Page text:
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Ghostly 3-D scans of London aim to show 'inner life' of a self-driving car

London design studio ScanLAB produced a video that uses scanning technology to show what self-driving cars 'see' as they navigate city streets.

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    A screenshot from a video produced by a London design studio shows a 3D scan of a car's vision as it navigates the streets of London.
    ScanLAB Projects/The New York Times Magazine
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3-D scanning has been used to uncover ancient architectural ruins buried deep below the ground and to make animated models — often of human subjects — for countless movies and TV shows.

Now, one London design studio wants to merge the two — using 3-D scanning technology to look closely at what self-driving cars may “see” as they become more common on city streets.

One October afternoon, architectural designers from ScanLAB Projects drove a specially-equipped Honda CR-V through the streets of London. They wanted to use the scanning technology’s imperfections — its difficulties seeing through fog, its tendency to be fooled by reflective surfaces — to capture the “inner life” of an autonomous car.

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Their purpose was mainly artistic, with the resulting video showing a ghostly city filled with both precisely geometric buildings — the Houses of Parliament stand out — and blurry renderings of more natural elements.

A city bus, scanned repeatedly as it waits on a street corner, appears to take up an entire block. A group of pedestrians appears nearly frozen in time as they cross the street.

The design studio’s goal was to capture what self-driving cars may see only accidentally while cruising city streets. It's “the peripheral vision of driverless vehicles,’’ as William Trossell, an architectural designer from ScanLAB, told the New York Times Magazine, which collaborated on the video with the designers.

The designers’ work also reveals the challenges companies such as Google, BMW, Ford, and others face while testing self-driving cars, the Times’ Geoff Manaugh notes.

Their self-driving cars use a laser-scanning technology called lidar (a portmanteau of “light” and “radar”), which sends out tiny bursts of light that are invisible to the human eye, nearly a million per second, that bounce off buildings, people, and objects in the area.

It produces extremely detailed renderings of the resulting environment, down to the millimeter, making it particularly useful for architects. (ScanLAB previously collaborated with the BBC, PBS, universities, and museums to produce detailed renderings looking inside environments such as military bunkers after D-Day during World War II and beneath ancient Roman ruins.)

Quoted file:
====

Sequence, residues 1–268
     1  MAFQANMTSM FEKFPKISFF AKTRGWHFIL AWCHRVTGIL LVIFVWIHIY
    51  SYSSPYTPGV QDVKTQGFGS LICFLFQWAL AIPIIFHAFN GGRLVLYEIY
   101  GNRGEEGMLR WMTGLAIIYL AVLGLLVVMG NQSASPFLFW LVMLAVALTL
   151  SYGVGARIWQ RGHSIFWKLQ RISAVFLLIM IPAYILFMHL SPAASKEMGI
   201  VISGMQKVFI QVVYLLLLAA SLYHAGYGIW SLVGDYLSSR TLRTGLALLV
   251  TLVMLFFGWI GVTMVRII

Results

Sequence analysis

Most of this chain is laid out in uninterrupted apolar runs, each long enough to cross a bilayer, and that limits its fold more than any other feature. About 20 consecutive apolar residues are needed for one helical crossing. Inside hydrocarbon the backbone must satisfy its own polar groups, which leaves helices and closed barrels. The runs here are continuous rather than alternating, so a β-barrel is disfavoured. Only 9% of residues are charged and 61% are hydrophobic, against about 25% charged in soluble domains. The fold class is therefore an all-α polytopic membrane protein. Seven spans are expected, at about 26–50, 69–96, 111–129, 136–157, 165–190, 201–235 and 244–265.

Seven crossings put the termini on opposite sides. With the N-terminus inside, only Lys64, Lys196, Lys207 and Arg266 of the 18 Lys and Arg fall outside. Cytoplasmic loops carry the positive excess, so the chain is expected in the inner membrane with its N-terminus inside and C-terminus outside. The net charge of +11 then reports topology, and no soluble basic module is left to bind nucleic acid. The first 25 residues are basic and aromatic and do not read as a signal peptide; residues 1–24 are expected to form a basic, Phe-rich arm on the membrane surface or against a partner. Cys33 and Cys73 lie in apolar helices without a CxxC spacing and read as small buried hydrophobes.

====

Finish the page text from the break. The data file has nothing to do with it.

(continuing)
But lidar scanning has some limitations, particularly around mirrored surfaces, the Times notes. Some situations may be strange and unlikely, but they are also difficult for a computer to understand.

Consider the example of someone wearing a T-shirt with a stop sign printed on it, Illah Nourbakhsh, a professor of robotics at Carnegie Mellon University, told the Times.

"If they’re outside walking, and the sun is at just the right glare level, and there’s a mirrored truck stopped next to you, and the sun bounces off that truck and hits the guy so that you can’t see his face anymore — well, now your car just sees a stop sign.”

The chances of that actually occurring are highly unlikely, Professor Nourbakhsh told the paper, “but the problem is we will have millions of these cars. The very unlikely will happen all the time.’’

One cyclist in Austin, Texas, also discovered that Google’s cars can have difficulty distinguished common movements, which can lead to unusual “learning” situations.

The self-driving Lexus got to a four-way stop just before the cyclist did, he wrote on a biking forum. Because the car had the right of way, the cyclist stopped and waited, doing a track-stand to maintain his balance.

The car remained stopped, forcing him to keep balancing as he waited for it to react. Then it did something unusual — it began mirroring the biker’s movements, stopping and starting, as if seemingly paralyzed in fear of what he would do.

“The two guys inside were laughing and punching stuff into a laptop, I guess trying to modify some code to 'teach' the car something about how to deal with the situation,” he wrote.

Despite describing the situation as strange, he noted that he felt safer with the self-driving car — Google has often said they’ve taught the cars to be extra careful — than with a human driver.

Making use of those imperfections was the goal of the designers at ScanLAB, who told the Times they had turned off some of the scanning technology’s corrective algorithms — such as a tendency to truncate long periods where a car is stuck in traffic — for aesthetic reasons.

But while the videos now show what Mr. Trossell of ScanLAB calls “mad machine hallucinations,’’ it’s also possible these images can provide a glimpse into what goes on inside the minds of self-driving cars as they learn to navigate a new environment that may increasingly change to accommodate their existence.

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